DNA evidence extracted from blood at the crime at first seemed to point to another suspect, Richard Eberling. "But it turns out that the evidence against Eberling is far weaker than it initially appears," the program's narrative says, nor did all the blood evidence rule out Sheppard's involvement.
Terry Gilbert, attorney for Sheppard's son, Sam Reese Sheppard, nonetheless went to the news media to spin the findings to his favor, a move the documentary says backfired. In the most dramatic scene in the program, Stephanie Tubbs Jones, then the Cuyahoga County prosecutor, tears into Gilbert and his supposed evidence.
The program ends with the plan to exhume Mrs. Sheppard's body, but with no definitive conclusion on who killed her. Which is pretty much the way things have been for decades.
All things considered, Northeast Ohio probably doesn't need all this attention, especially if it's distorting history and showcasing brutal crimes. We could keep TV producers from crossing into Ohio -- but they'd just use Canada as a substitute.

And here is the Nelson interview:
When Alan Freed died in 1965 at the age of 43, he was, in journalist John Morthland's words, "a poor man, unemployed and unemployable."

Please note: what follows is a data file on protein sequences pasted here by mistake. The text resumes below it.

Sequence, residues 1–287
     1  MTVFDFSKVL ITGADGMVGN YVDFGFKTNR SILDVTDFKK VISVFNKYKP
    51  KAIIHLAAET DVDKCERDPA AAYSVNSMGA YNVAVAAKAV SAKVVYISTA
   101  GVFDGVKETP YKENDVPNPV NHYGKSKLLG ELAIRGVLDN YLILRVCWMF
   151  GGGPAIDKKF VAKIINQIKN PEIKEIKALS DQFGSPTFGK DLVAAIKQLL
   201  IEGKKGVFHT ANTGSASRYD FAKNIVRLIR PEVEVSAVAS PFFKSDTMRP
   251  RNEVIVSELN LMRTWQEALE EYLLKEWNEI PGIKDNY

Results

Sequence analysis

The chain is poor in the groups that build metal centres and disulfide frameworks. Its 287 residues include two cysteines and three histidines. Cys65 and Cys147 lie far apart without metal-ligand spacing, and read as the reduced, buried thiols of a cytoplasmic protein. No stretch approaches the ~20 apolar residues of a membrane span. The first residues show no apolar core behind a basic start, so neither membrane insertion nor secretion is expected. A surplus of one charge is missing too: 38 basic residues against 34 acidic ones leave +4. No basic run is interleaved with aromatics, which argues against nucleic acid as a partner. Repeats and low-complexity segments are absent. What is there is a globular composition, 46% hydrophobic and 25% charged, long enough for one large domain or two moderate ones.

The former Akron and Cleveland disc jockey had been driven out of the radio business during the payola scandals of the late '50s and early '60s, when he was the most visible entrepreneur caught taking money from record companies in exchange for playing their tunes on the air.
But Freed has maintained a claim to fame, not just in Northeast Ohio but around the world, as one of the key figures in bringing black music known as rhythm and blues to a white, teen-age audience under a new name: rock and roll.
However dishonored he was in his time, Freed has an honored place in rock history, including posthumous induction into the Rock and Roll Hall of Fame in its first year, a major biography in 1991 (Big Beat Heat: The Alan Freed Story, by John M. Jackson) and, at 9 p.m. Sunday, an NBC TV movie, Mr. Rock 'N' Roll: The Alan Freed Story.
Based on press materials about the movie, it's going to look especially closely at Freed as a force for social change, from his playing of black music on the radio in Cleveland and later New York City to his battles with ABC after singer Frankie Lyman danced with a white girl on a Freed-hosted TV show.
That fits in with other recent NBC successes, including The Temptations and The '60s, which blended social issues with nostalgic soundtracks. Mr. Rock 'N' Roll uses about 20 vintage recordings, from Buddy Holly, the Clovers, Moonglows and other artists.